Bringing Dell and EMC together for one of the biggest IT mergers in history means extensive integration efforts that will span many months. But the key challenge our team faced even before the merger was complete, was one of the critical business process integrations leading to the launch of Dell Technologies in the marketplace.
We were charged with integrating EMC and Dell’s dual Saleforce.com systems to provide thousands of sales professionals seamless access to data and opportunities across both companies on Day One of our groundbreaking merger. We wanted our sales teams from each company to be able to sell products from both as we officially launched Dell Technologies.
What’s more, bridging the gap between the disparate Salesforce systems was needed to avoid the error-prone inefficiencies of sales reps, account managers, and finance professionals manually reconciling and reporting on data from disconnected systems.
Round peg, square hole
Both companies had different architecture and application programming interface (API) practices in their separate instances of Saleforce.com. Their product data heirarchy was laid out differently. The business process around leads, opportunities and accounts creation was customized for the needs of the respective companies. Melding them into a single set of information that enabled the cross-selling of the many complementary products across storage, server, virtualization and PC was a challenge right out of the gate.
With data format, app and cultural differences, at times it felt like our three-member Enterprise Integration Services team was trying to put a round peg into a square hole. Adding to the challenge was the fact that we had to make the integration happen in six to eight weeks.
We needed an enterprise integration platform that would be intuitive, simple to use, fast and scale to our needs. One that had built-in connectors to bridge applications so we wouldn’t have to write custom code to connect data elements.
We had an integration cloud platform that had proven effective in uniting applications and data in the more than half a dozen acquisitions that Dell had completed before its merger with EMC—Dell Boomi. Boomi is a multi-tenant, cloud-based application integration platform that has a broad range of built-in connectors to more easily integrate applications and data in IT environments. It serves as a connection between applications whether they are on-premises or off and then manages the integrations in the cloud.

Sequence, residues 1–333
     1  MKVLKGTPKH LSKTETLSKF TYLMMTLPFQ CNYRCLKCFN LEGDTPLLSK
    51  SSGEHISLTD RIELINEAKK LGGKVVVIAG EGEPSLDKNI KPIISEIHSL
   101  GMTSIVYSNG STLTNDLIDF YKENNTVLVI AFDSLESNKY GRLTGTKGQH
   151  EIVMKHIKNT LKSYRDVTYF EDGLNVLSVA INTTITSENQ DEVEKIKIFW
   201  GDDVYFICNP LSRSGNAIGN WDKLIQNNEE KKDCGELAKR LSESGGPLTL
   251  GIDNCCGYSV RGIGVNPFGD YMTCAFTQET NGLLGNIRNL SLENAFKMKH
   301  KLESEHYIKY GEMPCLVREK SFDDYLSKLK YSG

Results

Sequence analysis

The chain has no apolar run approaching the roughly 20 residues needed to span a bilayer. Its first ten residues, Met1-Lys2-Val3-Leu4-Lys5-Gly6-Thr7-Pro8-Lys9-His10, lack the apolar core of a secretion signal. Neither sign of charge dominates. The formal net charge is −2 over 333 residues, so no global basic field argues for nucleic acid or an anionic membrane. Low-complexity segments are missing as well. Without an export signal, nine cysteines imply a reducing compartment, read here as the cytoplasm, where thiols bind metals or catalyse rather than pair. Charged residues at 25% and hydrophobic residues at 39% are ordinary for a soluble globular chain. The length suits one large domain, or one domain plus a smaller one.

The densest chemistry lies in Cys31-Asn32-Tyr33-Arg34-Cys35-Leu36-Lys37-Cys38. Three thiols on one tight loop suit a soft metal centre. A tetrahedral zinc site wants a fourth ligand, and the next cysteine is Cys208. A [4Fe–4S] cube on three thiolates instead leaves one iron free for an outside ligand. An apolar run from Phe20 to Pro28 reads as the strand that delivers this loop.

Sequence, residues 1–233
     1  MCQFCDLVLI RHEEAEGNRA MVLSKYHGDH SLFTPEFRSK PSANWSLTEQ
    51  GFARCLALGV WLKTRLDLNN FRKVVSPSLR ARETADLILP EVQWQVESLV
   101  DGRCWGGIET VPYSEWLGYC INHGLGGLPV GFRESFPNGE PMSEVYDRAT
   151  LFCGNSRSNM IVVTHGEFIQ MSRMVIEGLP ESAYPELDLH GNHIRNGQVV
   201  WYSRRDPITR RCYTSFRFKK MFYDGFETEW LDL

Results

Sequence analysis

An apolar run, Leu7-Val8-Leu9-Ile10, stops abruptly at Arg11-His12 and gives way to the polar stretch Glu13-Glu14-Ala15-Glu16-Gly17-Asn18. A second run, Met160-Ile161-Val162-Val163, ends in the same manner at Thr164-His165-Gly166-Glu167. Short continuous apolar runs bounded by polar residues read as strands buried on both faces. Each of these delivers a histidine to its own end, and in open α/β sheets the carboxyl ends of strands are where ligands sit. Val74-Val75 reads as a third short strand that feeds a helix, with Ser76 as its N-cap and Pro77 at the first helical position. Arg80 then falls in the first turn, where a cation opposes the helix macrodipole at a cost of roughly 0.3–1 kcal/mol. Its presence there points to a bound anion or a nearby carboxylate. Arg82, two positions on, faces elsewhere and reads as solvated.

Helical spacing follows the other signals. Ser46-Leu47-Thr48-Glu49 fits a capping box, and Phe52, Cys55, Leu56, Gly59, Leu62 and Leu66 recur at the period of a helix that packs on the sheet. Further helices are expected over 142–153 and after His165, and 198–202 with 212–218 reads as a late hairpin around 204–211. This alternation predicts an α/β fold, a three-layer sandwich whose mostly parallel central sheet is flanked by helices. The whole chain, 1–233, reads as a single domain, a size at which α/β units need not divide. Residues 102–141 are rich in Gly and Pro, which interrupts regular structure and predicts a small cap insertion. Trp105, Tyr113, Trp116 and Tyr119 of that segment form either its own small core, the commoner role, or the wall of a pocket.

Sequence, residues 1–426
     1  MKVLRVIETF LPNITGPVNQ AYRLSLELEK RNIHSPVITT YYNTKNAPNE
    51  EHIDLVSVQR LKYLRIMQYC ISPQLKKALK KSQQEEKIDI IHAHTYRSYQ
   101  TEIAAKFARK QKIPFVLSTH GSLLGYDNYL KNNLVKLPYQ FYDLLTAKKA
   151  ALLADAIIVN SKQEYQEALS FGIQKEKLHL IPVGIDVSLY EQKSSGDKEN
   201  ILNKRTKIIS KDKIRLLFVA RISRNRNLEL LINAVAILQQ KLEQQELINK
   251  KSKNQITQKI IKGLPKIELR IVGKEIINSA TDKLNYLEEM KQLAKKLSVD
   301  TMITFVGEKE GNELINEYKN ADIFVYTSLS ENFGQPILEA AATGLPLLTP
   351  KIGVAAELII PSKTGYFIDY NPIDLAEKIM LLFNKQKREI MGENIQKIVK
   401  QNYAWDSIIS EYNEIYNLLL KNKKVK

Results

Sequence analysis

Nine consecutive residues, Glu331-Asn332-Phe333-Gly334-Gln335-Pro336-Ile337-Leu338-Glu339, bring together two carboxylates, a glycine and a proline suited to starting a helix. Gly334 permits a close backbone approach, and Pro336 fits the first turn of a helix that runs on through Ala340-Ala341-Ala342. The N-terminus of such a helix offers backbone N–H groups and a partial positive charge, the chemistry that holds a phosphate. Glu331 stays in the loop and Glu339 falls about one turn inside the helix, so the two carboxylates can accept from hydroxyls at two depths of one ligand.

Our previous integrations were nowhere near the scale of the Dell EMC Salesforce.com project. We set the goal of designing the system to handle 5x the expected volume. With 200,000 messages a day as the baseline, we laid out the architecture that was able to support a million messages a day.
We worked with the business to assimilate the data, review business rules, establish use cases and test the consolidated data sets. Ultimately, with weeks of preparation and a two-day move into the integrated platform, our sales teams were able to function as a united force on Day One. The Salesforce.com integration was a huge success!
Building a Connected Business: Lessons learned in the Salesforce integration
If your organization is facing a business integration or merger, here are some strategies we learned along the way that might make the process a bit easier:
- Use an iPaaS solution—An Integration Platform as a Service, like Boomi, provides a comprehensive solution for moving, managing and governing information across data applications and data repositories.
- Set up a change control process—As with any project, tracking and documenting change management is essential.
- Tap subject matter experts (SMEs)–It is extremely important to utilize the knowledge of those on both sides of your integration effort who understand specifics of the business processes and the use cases you are dealing with—for instance, the Quote Creation Process and how it interfaces with SFDC. Guidance from SMEs and the actual end users i.e. sales reps in this case, will save your team the time it takes to get to learn the different processes and avoid costly mistakes.
- Clarify legal restrictions up-front—Since our team began working with both companies’ Salesforce systems before the merger was legally completed, we were uncertain what data and tools were accessible and shareable between both sides at what point in time. However, we did discover in post-merger discussions that there we had more access than we thought. It is worthwhile to have discussions with your legal team ahead of time to clarify what is restricted and what is not– to avoid being overly restrictive on data and tool access.
- Clean up your data—Integrating data in your iPaaS project is an opportune time for data owners on both sides to clean up their data. Make sure that the content and applications that are being moved into a unified platform are only those that are needed. Working with clean data will make the process faster and more efficient.
Finally, if your organization is facing the challenges and complexities of an iPaaS project to integrate systems, data and applications—most likely complicated by different corporate cultures—take heart. We found that most people—from managers to individual contributors—did their best to help make this collaboration a success despite the hurdles we faced. It can be done!